A shot from my first interview with Marching Mizzou.
I’m a directional dingbat. I always get lost, especially when I have to interview someone in a new place. Today, I drove around in circles around what seemed like the largest parking lot ever trying to find the Marching Mizzou practice. You would think a 337-person marching band would be easier to spot, but have you been around the Mizzou sports complexes before? Finally, I saw something silver catch the sun. Aha, girls carrying trumpets. I knew I was in tune now (the Missourian can’t handle my bad puns, so you’ll find them here.)
However, even after I found a sea of horns, woodwinds and drums, I still felt lost. Interviewing people when it’s 100F out with a cacophony of sound ranging from Kanye West’s “Gold Digger” to the Mizzou Fight Song is sensory overload to say the least. But my disorientation was really caused by realizing what it means to attend a football school.
I’ve always gone to schools in major cities, where there’s barely room for a parking ramp, let alone a football field and school spirit was done ironically. However, at Mizzou I’ve never had so many interviewees say how “excited” they were or people lament the loss of tradition in joining the SEC. I felt an odd mix of emotions down in that parking lot- disbelief (people really are as enthusiastic as Rachel Berry in reality?), confusion (how do you write quotes down to the beat of a drum line?), and of course, excitement.
I’m excited to be a Tiger but I’m more excited to be a reporter. I may not be part of the group I’m interviewing (whether its a fraternity of kayakers or a full marching band), but getting to experience what that group is like for a few hours makes me feel a part of something. This is why I prefer interviews in person and this is why I’m starting to love reporting.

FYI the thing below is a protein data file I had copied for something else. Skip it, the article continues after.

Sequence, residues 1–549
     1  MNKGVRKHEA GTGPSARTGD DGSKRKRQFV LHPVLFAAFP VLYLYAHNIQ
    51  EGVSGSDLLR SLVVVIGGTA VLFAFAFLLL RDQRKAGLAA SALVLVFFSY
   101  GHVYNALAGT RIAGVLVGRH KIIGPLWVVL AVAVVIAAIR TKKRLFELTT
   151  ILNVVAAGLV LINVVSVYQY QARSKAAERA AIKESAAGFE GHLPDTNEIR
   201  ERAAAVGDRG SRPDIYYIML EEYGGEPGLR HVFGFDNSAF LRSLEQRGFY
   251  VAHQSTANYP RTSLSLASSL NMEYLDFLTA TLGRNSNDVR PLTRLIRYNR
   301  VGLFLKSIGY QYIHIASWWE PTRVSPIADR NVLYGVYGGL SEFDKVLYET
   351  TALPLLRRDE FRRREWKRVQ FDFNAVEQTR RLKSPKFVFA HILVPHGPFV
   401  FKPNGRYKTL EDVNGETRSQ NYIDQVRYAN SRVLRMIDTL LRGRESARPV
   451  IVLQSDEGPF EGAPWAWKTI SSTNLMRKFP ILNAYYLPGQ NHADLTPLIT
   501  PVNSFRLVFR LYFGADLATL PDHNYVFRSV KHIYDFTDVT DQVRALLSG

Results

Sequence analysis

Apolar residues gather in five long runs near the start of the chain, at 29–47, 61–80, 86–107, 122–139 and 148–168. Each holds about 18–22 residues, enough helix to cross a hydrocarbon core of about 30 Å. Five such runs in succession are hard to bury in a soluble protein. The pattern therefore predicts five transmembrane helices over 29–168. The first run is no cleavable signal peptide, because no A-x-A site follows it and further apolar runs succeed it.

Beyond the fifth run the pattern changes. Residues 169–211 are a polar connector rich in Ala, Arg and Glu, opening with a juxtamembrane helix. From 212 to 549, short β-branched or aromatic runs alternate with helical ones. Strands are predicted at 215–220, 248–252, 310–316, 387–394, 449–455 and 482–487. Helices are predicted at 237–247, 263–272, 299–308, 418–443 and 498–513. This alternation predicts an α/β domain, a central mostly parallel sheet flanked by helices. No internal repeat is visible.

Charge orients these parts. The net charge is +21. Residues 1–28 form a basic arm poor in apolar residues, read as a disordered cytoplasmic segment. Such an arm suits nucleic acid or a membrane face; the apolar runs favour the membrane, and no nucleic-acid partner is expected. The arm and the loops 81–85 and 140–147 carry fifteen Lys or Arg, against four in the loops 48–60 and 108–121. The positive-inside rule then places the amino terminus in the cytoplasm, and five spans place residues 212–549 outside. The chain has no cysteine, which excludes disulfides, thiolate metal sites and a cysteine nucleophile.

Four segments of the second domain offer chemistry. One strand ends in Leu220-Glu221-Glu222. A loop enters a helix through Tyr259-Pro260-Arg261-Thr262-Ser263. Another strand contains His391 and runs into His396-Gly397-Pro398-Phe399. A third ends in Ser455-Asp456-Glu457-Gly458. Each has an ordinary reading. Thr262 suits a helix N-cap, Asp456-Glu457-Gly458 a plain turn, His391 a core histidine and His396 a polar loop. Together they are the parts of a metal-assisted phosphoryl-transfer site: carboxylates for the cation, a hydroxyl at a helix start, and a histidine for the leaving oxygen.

You know the scenario: you’ve played phone tag with sources all day or even gotten the run around. Your source dropped their phone in their latte that morning. You’re close to throwing your phone in your latte…intentionally.
As a last-ditch effort, send emails after dinner. Phone calls may be the newsroom M.O., but “you’ve got mail” can be pretty powerful too (I may be paraphrasing Meg Ryan in the film of the same name here). Maybe your source is a fellow procrastinator or is on top of things and will read it first thing in the morning over steel cut oats, or whatever people who actually have their lives together eat for breakfast.
Another benefit of late night emails: your brain is already in a wacky place and therefore more willing to find unique sources. After all, this is your desperate attempt to salvage your story, might as well go all out. This is how I found myself joining a Facebook group for kayakers even though I haven’t picked up a paddle in almost a decade.
At least you can say you tried.
Every time I’ve done this I’ve gotten a response and a head start on my article.
[Note: don’t send emails after midnight unless you’re in a different time zone. That just looks desperate and ill prepared. You should be in bed anyway.]
You can read my story about Bob Bellingham’s Missouri River kayaking expedition here.
To continue to follow Bob’s journey, read his blog here.
And to keep up with Janet Moreland and maybe even help her out, you can read her blog here.
How do you get in contact with a source who is kayaking the length of the Missouri River? They’re not exactly listed in the phone book and even if they were, my guess is Sprint doesn’t have too many bars in the middle of the water.
The answer was surprising to me, Facebook.
Turns out, kayaking is one giant social network, online and off.
Veteran Missouri River kayaker, Norm Miller is the founder of the Facebook group Missouri River Paddlers (it’s a closed group, but anyone will add you). It’s like the online version of Cooper’s Landing, where kayakers and canoers hobnob to share stories, advice, and support. Indeed, during my eventual interview, everyone championed the “encouragement and continual support” they got from the group. I experienced it myself when I posted a desperate plea to get in touch with the Australian kayaker, Bob Bellingham, currently on the aforementioned journey on their wall and got contact info within hours.
Sometimes, I flirt with the idea of deactivating my Facebook account, but after seeing how it can speed along the reporting process, I think I’ll remain under the reign of Mark Zuckerberg a little while longer.
I’m not so sure I’m ready to dip a paddle in the river yet, but I know that if I ever decide to start kayaking again (does an hour at summer camp when I was 15 count?) there’s a welcoming group of people to garner advice from.